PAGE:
Five Questions for the 2016 Nationals

Can the key guys stay healthy?

The Cardinals and Mets all suffered major injuries, and either barely missed a beat, or at least had enough depth to avoid completely cratering.

The same cannot be said for Washington.

The big guns went down, and aside from Harper, Clint Robinson, and the now-departed (and defensively deficient) Yunel Escobar, nobody else stepped up.

Anthony Rendon made two disabled list trips and played in a mere 80 games. Jayson Werth had two DL stints and managed only 88 games. Stephen Strasburg had two DL stints and managed only 23 starts. Going on and off the DL is a cycle much longer than 15 days; once treatment itself is done, a player needs weeks of precious plate appearances to ramp back up to game speed. For a player, one round of the process is tough enough; but multiple rounds of disabled list appearances is devastating.

Obviously, the Nats had to try something different and indeed have done so, investing in a total overhaul of the medical approach, now focusing on medical analytics. I believe, personally, that injuries are more or less random and bad luck, but maybe this new analytic-driven approach, which seemed to help in European soccer leagues, will help the Nationals stay ahead of the injury bug better.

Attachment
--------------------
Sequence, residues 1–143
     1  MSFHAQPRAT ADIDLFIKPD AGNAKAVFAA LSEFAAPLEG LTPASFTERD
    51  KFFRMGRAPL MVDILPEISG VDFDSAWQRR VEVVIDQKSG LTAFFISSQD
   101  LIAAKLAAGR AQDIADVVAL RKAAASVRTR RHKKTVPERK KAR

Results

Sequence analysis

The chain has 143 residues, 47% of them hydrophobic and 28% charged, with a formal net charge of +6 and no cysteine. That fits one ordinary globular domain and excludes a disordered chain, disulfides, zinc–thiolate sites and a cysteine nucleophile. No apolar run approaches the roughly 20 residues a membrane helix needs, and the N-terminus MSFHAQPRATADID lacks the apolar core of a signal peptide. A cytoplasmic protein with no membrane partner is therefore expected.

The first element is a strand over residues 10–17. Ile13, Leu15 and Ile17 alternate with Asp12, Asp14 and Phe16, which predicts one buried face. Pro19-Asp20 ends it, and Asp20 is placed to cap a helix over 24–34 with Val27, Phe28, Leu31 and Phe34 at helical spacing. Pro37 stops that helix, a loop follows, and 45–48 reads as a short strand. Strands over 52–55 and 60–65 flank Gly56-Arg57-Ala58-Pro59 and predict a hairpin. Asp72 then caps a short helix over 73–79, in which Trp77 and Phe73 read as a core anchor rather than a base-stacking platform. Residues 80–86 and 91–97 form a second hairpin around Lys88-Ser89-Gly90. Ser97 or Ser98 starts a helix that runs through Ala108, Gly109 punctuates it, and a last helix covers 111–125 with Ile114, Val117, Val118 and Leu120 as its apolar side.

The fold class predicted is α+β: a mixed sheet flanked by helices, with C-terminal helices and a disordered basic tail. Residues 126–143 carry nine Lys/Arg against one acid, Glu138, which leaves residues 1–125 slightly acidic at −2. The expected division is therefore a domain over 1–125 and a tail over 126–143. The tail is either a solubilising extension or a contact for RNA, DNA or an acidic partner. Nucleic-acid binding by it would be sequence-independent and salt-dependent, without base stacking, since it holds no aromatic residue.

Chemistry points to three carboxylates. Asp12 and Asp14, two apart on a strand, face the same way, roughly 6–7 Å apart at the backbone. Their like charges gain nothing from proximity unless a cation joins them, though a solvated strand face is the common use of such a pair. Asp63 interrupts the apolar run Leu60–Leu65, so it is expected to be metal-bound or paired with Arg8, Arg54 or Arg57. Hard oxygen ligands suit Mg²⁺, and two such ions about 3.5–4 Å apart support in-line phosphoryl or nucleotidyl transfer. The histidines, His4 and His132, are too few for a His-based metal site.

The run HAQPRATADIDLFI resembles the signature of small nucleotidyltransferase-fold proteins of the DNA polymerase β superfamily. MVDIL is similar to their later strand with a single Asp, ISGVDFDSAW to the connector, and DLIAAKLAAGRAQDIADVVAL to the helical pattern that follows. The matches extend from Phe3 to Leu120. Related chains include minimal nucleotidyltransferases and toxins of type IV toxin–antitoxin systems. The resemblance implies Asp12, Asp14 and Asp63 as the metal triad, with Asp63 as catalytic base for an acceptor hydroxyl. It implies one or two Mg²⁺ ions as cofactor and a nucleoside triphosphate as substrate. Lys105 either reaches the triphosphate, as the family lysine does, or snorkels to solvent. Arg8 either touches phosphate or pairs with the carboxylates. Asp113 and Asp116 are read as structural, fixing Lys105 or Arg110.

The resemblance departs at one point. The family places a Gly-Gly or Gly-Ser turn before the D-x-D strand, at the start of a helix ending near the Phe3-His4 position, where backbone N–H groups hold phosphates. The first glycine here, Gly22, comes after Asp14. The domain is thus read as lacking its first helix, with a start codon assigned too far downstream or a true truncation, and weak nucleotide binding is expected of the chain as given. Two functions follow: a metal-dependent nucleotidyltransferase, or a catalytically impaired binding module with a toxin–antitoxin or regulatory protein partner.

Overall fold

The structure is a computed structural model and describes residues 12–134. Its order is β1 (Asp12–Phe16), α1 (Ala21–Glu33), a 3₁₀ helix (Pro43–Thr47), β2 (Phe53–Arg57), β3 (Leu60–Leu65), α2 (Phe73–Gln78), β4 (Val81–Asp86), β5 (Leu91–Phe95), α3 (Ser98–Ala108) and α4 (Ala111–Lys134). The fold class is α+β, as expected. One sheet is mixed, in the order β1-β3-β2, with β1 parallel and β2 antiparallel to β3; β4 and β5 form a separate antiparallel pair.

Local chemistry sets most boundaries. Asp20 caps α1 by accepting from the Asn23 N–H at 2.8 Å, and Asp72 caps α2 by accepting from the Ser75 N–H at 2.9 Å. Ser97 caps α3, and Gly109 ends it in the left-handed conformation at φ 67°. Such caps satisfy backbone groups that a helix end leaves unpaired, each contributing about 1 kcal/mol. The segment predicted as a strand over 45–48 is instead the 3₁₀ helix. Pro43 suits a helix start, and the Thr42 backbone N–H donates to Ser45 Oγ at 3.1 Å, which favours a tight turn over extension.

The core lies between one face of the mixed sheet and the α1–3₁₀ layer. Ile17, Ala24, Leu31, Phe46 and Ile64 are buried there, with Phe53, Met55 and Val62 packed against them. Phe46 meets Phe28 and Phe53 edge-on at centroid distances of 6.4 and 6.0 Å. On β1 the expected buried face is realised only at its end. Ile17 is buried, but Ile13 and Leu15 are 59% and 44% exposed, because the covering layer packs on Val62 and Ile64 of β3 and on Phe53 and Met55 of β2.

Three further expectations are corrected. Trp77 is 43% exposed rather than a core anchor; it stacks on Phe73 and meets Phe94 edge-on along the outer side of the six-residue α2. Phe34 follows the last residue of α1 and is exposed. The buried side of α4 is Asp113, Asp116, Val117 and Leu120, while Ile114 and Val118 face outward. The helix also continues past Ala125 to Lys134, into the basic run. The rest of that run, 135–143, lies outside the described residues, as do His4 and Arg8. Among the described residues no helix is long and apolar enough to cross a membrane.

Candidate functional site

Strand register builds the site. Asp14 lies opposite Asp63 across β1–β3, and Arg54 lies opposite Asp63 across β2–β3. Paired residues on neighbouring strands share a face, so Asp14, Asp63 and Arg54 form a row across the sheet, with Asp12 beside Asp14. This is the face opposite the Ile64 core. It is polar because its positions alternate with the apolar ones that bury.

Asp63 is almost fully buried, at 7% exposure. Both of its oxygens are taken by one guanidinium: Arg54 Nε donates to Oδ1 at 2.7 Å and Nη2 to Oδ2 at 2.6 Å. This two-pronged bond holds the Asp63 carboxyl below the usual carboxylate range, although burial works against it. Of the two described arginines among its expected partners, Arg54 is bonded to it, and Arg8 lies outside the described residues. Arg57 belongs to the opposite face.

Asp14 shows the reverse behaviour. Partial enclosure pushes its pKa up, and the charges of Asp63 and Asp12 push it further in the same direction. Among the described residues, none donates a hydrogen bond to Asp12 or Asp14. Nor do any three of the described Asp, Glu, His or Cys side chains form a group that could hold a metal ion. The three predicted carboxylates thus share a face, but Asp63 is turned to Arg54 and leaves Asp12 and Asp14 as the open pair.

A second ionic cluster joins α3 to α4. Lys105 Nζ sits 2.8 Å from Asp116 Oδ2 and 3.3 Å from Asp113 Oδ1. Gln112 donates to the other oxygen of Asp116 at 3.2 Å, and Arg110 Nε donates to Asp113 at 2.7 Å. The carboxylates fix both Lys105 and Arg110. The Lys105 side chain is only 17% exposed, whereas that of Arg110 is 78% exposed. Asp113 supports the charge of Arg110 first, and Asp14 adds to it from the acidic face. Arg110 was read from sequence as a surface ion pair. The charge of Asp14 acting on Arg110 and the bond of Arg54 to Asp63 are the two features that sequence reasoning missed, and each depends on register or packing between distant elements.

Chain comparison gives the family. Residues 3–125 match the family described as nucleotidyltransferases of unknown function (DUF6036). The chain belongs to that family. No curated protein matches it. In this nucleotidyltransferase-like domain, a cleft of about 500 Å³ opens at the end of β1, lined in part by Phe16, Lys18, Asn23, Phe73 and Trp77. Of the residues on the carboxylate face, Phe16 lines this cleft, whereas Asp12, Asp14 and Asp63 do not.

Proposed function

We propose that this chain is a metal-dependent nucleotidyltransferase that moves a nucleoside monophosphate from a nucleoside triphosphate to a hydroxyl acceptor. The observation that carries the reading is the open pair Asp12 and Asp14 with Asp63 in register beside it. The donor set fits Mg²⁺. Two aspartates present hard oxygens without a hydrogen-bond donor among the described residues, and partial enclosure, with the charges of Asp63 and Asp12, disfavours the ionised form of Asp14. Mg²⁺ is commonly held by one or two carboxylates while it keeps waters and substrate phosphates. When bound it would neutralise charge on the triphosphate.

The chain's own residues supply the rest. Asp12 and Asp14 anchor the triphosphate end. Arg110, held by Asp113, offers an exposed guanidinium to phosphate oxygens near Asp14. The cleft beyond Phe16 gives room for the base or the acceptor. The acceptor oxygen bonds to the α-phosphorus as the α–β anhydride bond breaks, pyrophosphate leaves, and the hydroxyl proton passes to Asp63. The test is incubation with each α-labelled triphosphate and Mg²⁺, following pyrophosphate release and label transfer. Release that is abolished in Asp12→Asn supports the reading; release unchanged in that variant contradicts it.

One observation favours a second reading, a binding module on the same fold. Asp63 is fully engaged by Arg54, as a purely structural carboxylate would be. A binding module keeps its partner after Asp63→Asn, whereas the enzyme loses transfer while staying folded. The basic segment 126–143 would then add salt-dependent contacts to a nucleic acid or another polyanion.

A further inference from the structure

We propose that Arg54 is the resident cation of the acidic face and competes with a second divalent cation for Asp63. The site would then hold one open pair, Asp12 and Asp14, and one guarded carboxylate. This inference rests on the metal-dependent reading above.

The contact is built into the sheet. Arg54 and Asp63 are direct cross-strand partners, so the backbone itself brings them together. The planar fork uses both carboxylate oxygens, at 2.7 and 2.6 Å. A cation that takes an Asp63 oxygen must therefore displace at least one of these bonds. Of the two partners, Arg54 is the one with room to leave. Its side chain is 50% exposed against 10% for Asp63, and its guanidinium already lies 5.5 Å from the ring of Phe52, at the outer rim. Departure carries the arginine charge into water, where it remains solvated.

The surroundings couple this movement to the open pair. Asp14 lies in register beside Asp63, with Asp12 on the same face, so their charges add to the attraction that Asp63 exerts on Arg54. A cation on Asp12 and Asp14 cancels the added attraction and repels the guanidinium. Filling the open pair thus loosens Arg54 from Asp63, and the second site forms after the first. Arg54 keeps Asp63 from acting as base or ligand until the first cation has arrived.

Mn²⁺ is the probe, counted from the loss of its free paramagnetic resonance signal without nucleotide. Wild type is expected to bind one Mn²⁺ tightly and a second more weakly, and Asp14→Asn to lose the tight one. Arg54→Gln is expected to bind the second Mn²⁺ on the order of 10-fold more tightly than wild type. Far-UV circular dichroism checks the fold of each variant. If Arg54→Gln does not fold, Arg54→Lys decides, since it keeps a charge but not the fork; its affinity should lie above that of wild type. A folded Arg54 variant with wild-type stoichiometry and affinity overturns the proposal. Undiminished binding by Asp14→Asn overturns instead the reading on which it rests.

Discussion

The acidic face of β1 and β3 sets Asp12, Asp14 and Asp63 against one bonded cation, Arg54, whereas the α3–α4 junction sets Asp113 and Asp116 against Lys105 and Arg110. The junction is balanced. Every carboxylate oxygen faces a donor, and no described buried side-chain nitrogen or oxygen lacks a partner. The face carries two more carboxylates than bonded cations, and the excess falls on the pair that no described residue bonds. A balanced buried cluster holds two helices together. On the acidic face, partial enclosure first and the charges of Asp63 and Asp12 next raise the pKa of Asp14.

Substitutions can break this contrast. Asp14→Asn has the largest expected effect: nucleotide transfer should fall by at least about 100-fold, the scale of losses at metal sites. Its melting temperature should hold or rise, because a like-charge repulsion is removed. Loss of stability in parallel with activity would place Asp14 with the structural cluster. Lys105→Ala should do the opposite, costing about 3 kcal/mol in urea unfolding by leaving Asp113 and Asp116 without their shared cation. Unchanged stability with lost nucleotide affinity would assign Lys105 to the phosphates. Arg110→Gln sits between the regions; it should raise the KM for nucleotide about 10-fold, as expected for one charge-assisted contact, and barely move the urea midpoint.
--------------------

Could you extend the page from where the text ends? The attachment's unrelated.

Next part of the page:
In introducing Daniel Murphy, Rizzo mentioned “veterans backing up veterans,” and while injuries cannot really be predicted, having better backups and better depth can be. This is an area where the Nationals have already improved, simply by adding Murphy and Stephen Drew.

Murphy’s ability to play multiple infield positions is tremendously helpful, and even if Drew doesn’t really hit, even if he’s not a Gold Glove defender, he has experience and the skills to play shortstop and second base. Adding Ben Revere means the Nationals have an explosive power-speed fourth outfielder on the bench in Michael Taylor. Robinson offers left-handed punch and Matt den Dekker brings a terrific glove.

By making the Murphy-Revere-Drew moves, the Nationals have upgraded their “worst-case scenario.”

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